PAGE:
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How long is it going to take to design my new logo?
Your current logo really isn’t cutting it these days and you’re ready to take a fresh look at your logo and branding. But what timescale do you need to allow before you pop the champagne cork in celebration of launching that shiny new logo? Is it going to take days, weeks or even months?
There is a simple answer – It depends! The reason that it depends is down to the fact that logo designers all have different processes. With different process come different timescales.
After 19 years of brand design, I’ve developed a solid process to designing logos. By taking you through this process you will be able to understand how much time it takes to create an effective and great looking logo.
My logo design process has 13 steps to it and I will be going into detail on each one:
Step 1. Meet the Client
Step 2. Project Proposal
Step 3. Research
Step 4: Inspiration
Step 5: Sketchbook
Step 6: Take a Break!
Step 7: Moving to Digital
Step 8: Review Meeting
Step 9: Refining the Concept
Step 10: Colour
Step 11: Logo Presentation Mockups
Step 12: Logo Style Guide
Step 13: Payment, File and Copyright Transfer
Don’t like reading? You can watch the video version of this blog over on My YouTube Channel >>>
Step 1: Meeting the client
I will always try to meet with a client in person if they are local to me. If not I will arrange a video call to discuss their project and take the design brief. It is very important to me that this first meeting is face to face rather than just via telephone.
By being face to face, it takes down a lot of initial barriers and in my experience speeds up the getting to know you process. Getting to know my clients well is a key factor in the success of my logo designs. When the client is at ease and I know that they are going to be a perfect fit for me, means that they will be much more willing to give expanded answers.
Compare that to when I used to send out an initial questionnaire for the client to complete instead of speaking to them face to face. The answers I would get back would often be just a few words and really not give me much to go on.
By speaking in person, I’ve found that my clients will reveal little insights and off the cuff remarks that I can use to add personality to the final logo design.
Step 2: Creating the logo design project proposal
The next step is for me to take all that I have learned from that initial meeting and put together the project proposal. This will, in essence, review everything that I talked about with my client and lay out a plan of action and a little bit of homework for the client.
The homework usually consists of me asking them to send me 6 logo examples. 3 logos which they really like, and 3 which they dislike. This does not have to be from within their industry. What I am looking for here is to get a kick-start to the project by finding out what the client’s own personal tastes are. This can help in the very early concept design stages as a rough guide.
If the client approves the proposal, I will submit an invoice for 50% of the project design fee and once paid, I move onto the next step in the process.
Step 3: Research for your logo design
After approval of the project brief, I will begin research into the client’s brand. I will research their products & services, current brand assets (if this is a rebrand), their target audience and also discuss with them what their vision, aims and objectives are for their business.
I will also look at their competitors, what does their branding look like, does my client want to fit in like a jigsaw piece, or do they want to really stand out and be different. A bright pink logo in the mostly blue logo orientated financial sector for example.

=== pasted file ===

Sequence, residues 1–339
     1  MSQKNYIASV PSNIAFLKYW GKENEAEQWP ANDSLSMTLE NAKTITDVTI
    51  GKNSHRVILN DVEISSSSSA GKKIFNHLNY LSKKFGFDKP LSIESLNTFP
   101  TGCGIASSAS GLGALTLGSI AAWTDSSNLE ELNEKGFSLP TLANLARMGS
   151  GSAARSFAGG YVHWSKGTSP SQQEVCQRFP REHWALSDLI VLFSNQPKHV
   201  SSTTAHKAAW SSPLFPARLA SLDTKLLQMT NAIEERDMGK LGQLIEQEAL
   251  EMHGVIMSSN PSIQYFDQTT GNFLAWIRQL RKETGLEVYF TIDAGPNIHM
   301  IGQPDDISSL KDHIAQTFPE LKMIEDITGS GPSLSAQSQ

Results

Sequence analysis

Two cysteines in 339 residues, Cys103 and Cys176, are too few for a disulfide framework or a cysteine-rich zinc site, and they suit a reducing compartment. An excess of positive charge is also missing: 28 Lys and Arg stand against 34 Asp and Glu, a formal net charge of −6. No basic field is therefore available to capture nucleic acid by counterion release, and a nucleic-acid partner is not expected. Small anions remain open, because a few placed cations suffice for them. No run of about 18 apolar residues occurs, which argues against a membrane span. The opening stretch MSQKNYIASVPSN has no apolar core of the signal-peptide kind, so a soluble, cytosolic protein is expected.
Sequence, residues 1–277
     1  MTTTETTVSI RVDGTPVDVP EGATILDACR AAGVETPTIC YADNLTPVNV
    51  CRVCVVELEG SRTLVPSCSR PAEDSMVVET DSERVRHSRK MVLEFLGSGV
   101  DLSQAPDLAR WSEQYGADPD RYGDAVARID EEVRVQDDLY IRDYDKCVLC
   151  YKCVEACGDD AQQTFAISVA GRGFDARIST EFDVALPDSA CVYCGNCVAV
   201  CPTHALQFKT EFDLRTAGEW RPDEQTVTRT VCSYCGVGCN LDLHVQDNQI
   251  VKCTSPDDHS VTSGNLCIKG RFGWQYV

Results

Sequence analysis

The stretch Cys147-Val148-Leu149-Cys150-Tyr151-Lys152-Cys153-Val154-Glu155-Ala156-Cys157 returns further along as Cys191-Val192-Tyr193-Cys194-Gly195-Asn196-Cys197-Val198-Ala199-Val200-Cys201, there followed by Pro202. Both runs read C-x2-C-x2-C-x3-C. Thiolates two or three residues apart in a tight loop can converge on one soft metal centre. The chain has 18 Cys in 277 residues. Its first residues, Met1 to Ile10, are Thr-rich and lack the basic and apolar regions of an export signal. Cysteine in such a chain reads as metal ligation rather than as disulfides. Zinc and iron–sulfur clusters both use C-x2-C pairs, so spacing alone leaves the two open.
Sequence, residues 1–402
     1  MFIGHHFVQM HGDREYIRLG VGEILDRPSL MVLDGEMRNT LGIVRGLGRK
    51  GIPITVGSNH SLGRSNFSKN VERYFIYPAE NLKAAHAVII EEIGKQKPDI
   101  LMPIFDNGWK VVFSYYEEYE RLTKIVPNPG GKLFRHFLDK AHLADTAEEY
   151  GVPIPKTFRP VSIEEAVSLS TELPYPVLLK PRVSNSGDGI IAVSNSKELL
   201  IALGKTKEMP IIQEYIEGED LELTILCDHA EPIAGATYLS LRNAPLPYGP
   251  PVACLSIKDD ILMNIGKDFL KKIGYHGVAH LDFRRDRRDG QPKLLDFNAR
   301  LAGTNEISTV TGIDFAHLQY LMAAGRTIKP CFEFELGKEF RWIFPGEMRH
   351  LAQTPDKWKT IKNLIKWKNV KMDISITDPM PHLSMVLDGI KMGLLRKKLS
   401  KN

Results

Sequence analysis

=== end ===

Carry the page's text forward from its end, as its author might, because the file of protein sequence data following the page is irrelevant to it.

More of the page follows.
Researching a client’s competition is a very valuable exercise and I can learn a lot about what mistakes they are making in their branding so that I can then give my client the edge in that area.
Step 4: Inspiration for your logo design
Before I start working on concepts for my client, I like to go and build up some inspiration by looking through my extensive library of logo reference books and design guides. This starts the creative process going and getting the brain into gear for the next step.
It can also be useful to check out online inspiration sites like Pinterest and Logospire. These sites help me to see any trends that are currently active in the logo design world. It is generally best to stay away from trends if possible as it can date the logo design much more quickly as trends come and go.
Step 5: Sketchbook logo concepts
A lot of designers these days will go straight to their design software of choice and start working on concepts. I much prefer to use a sketchbook and just let my imagination go. These drawings will be very rough and in a lot of cases just a few lines. By being free and loose with the sketching, you can very quickly explore ideas and new angles for the logo design. More so, than if you were working directly on a computer.
I will also take the time at this point to create mind maps of the client’s products, services and business area. This is great fodder for the rough concept work.
Step 6: Take a break!
You know when you sometimes can’t see the wood for the trees. This is a common thing with creative processes and it is important to step away from a project for a couple of days so that you can come back to it with fresh eyes.
Coming back to my sketchbook after a few days away can let me be critical of the sketches and ideas that I had drawn out earlier. Easily putting to one side the ideas that seemed great at the time, but on second look, don’t really work, or fulfil the brief.
Step 7: Moving to digital
It is time to make the jump to the computer and start putting together the concepts with Adobe Illustrator.
Depending on how prolific the sketching sessions have been, I will take the strongest concepts and start to refine them. The idea now is to narrow this down to a maximum of 3 concepts.